Author: Andrea Tuemmler
From Bernie Sanders’ populist socialism to Donald Trump’s sensationalism, the crowded presidential field is encouraging a wide range of creative campaign strategies. One candidate, however, is going above and beyond: he is campaigning against the campaign system itself.
As a critique against the influence of money in politics, Harvard professor Lawrence Lessig is running as a one-trick Democrat balanced precariously on a soapbox of campaign reform. Unlike any other candidate, Lessig promises to resign and cede the presidency to whomever the voters choose as his vice president after he passes his signature piece of legislation: comprehensive campaign reform. Campaign reform needs to be the focus of the 2016 presidential race, and because of this I believe Lessig’s campaign deserves more attention.
Without asking voters to abandon Sanders, Hillary Clinton, or any other candidate, Lessig is trying to force the country to a populist referendum on an issue that, by its very nature, is unlikely to be solved in any other way due to the unequal influence of money in politics.
Lessig’s plan to reform the political system has three main components: equal right to vote, equal representation and citizen-funded elections. These issues currently result in the exclusion of certain racial and economic groups that, if given more of a stake in the political process, could change the way policies are made.
The first component, the equal right to vote, came to the national spotlight in 2011, when the passage of Voter ID Laws sparked a national debate about how certain groups were being legally excluded from the political system. Thirty-two states still enforce some form of identification requirement. In 2012, 11 percent of eligible voters did not have valid IDs. In Pennsylvania alone, voter ID laws excluded around 750,000 potential voters from being heard.
These laws disproportionately hurt the poor. Even when IDs are available for free, they require documents such as birth certificates that cost $25 on average. Voting itself occurs during business hours with only a brief window of time on either end, and without a car, many polling stations are inaccessible. Lessig’s plan to block voter ID laws, make election day a national holiday and increase the number of polling stations shifts the power dynamic and allows more disadvantaged voices to be heard. It is these voices that have the most to lose from being excluded from the discourse about taxation and government spending allocations, so solving this issue will create a more just and successful society.
The second aspect of Lessig’s plan is designed to create equal representation by redrawing congressional districts and establishing a ranked-choice, multimember system. In the 2012 election, Republicans won 33 more seats in the House of Representatives than Democrats despite the fact that Democrats received 1.4 million more votes. Gerrymandering, or the redrawing of congressional districts to divide groups of like-minded voters, unevenly distributes power and does not necessarily reflect the true political opinions of the majority. It is critical to establish a system that more accurately reflects the will of the people to increase the legitimacy of the government and help it to create policies that are more directed towards what voters actually want.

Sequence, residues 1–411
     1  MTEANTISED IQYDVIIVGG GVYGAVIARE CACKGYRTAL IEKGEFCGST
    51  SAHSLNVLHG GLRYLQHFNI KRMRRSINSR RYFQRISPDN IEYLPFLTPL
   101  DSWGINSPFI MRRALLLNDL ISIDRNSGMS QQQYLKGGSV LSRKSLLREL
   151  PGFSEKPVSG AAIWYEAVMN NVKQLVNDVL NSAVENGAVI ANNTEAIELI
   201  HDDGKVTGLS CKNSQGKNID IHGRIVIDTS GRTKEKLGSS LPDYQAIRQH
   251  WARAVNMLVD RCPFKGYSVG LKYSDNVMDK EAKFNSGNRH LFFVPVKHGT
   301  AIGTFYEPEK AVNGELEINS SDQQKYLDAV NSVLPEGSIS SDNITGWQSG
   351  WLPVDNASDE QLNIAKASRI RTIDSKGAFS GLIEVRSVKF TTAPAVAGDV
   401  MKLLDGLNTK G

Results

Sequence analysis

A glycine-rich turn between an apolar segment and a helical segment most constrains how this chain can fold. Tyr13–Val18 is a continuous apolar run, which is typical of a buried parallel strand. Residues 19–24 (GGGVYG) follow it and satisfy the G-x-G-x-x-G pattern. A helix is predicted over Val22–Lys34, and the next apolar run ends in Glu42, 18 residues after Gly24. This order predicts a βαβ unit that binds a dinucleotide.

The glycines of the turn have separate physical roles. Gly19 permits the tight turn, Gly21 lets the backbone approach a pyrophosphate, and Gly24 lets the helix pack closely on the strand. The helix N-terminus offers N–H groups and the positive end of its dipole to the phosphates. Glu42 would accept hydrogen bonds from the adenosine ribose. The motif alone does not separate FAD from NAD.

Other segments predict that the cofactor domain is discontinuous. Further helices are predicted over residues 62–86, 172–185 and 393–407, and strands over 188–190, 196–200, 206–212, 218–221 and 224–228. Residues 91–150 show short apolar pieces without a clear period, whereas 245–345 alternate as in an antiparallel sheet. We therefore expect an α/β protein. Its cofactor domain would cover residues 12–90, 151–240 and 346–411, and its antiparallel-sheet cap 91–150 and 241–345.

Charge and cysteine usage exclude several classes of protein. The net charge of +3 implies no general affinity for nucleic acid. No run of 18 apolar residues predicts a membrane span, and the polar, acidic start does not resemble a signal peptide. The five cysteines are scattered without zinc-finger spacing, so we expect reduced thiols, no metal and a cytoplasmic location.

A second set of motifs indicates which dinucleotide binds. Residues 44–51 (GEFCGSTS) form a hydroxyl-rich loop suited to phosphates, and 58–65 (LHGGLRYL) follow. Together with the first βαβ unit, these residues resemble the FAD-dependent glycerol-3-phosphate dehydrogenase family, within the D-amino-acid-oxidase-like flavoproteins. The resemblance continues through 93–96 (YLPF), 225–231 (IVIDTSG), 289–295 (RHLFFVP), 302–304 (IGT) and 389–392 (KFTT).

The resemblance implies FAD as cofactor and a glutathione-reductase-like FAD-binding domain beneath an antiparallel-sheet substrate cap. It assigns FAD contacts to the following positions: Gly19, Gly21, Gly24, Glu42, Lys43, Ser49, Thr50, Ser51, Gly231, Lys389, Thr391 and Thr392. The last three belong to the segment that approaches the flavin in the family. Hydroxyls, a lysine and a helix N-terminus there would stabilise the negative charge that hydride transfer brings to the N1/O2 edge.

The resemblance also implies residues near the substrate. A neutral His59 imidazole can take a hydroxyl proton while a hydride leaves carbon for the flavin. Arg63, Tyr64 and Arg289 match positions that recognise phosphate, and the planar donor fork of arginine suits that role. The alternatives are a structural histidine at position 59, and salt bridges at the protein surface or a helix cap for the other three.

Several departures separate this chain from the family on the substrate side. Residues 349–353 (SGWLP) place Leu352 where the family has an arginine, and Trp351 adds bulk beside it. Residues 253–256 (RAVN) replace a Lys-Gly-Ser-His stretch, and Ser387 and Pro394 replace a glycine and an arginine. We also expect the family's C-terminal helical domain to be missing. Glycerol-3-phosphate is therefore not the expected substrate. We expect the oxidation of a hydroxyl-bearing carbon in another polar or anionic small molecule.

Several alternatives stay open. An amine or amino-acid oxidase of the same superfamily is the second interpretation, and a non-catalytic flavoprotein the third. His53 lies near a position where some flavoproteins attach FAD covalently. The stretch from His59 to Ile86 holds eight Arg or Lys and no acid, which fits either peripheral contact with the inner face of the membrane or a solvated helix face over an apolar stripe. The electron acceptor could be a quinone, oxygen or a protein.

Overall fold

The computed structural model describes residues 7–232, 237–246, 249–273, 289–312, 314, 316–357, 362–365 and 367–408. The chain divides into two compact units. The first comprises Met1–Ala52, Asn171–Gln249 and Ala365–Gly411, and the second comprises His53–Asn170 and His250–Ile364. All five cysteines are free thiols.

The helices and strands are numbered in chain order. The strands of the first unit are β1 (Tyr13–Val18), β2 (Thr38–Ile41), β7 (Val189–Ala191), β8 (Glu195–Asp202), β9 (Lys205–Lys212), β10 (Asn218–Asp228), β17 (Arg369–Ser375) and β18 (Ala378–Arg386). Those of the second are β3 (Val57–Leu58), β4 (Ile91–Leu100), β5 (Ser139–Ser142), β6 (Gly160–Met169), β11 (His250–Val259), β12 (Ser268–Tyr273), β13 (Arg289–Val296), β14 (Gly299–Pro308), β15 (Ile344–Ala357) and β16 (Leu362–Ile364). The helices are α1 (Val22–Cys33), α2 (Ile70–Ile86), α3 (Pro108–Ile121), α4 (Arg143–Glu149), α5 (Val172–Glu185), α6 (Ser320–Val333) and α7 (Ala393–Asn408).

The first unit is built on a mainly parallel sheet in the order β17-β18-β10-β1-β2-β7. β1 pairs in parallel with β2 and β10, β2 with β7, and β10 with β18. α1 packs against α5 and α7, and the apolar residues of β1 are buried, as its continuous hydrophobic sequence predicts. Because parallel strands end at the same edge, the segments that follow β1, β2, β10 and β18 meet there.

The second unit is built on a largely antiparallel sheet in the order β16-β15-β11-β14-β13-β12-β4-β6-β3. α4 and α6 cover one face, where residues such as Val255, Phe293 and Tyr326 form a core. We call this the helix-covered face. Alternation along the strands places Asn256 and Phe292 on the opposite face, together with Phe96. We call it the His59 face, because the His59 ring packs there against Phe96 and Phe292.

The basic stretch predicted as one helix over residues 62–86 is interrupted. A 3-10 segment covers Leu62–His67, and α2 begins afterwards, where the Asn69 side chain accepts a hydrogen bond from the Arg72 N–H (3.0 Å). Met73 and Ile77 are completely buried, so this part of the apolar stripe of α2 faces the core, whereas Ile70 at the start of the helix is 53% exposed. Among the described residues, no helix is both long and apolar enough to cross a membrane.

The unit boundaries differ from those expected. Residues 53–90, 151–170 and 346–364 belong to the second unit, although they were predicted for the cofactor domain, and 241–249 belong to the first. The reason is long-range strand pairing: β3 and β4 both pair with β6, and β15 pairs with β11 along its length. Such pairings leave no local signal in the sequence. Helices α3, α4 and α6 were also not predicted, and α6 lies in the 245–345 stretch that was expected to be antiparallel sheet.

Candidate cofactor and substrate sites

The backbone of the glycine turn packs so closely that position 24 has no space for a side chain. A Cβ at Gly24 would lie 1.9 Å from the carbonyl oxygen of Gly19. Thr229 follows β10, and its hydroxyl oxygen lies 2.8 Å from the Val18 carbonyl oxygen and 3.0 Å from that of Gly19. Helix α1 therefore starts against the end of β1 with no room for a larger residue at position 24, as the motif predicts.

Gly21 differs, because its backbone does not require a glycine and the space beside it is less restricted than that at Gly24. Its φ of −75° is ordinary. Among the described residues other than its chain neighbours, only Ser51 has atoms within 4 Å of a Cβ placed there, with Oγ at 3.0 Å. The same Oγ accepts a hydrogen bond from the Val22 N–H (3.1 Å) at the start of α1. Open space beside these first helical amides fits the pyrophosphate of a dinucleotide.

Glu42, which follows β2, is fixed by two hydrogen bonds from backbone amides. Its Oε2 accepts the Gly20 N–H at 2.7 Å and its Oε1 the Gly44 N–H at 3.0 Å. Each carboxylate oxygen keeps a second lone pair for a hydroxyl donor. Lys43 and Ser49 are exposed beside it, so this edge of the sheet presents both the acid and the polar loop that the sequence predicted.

The final tenet of Lessig’s campaign is to create citizen-funded elections, where each voter is given a voucher to contribute to campaigns; if certain people can vote with their money, that privilege should be extended to more than just the wealthy. This idea stems from the 2010 Citizens United vs. FEC case, which critics say gave Super PACS and wealthy donors much more power. Super PACS, or organizations that can raise unlimited amounts of money to finance campaigns, allow wealthy donors to influence campaigns and give unfair power to those with a vested interest in the status quo. It is important to address this issue because it is often the people who have the least say in the political process who need politicians on their side on issues such as social welfare and environmental justice, concerns that have less impact on the wealthy.
Lessig’s own campaign embraces these democratic ideals. It is entirely crowd-funded, allowing individuals to make contributions instead of relying on a few donations from wealthy special-interest Super PACS. Additionally, it allows for a direct vote on who will become president, since polling for vice president is open to everyone on Larry Lessig’s website, lessig2016.us. If he wins the primary, he will choose his running mate based on who polls the highest on his website.
By holding online polling with a write-in option, Lessig does not ask people to vote along party lines or be limited by time or the accessibility of a physical location. For the truly adventurous, he has kindly provided a place to vote for Neil deGrasse Tyson or Jon Stewart as possible running mates, in addition to more conventional candidates such as Clinton and Sanders.
Given the powerful influence of large donors, lobbyists and entrenched interest groups, campaign reform is unlikely to occur unless the decision comes from a direct vote — simulated by the perceived mandate that would be given to his platform if he wins the popular vote—rather than a “representative” one. A vote for Lessig will not prevent anyone from also supporting their favorite candidate, but it will help ensure that everyone’s vote will matter in the future, regardless of their geographic or socioeconomic position. Lessig’s unconventional campaign strategy finally provides voters with a truly democratic platform. Due to the exclusive nature of current politics and the resulting policies that do not truly represent the needs of the average citizen, the 2016 election needs to focus on campaign reform.
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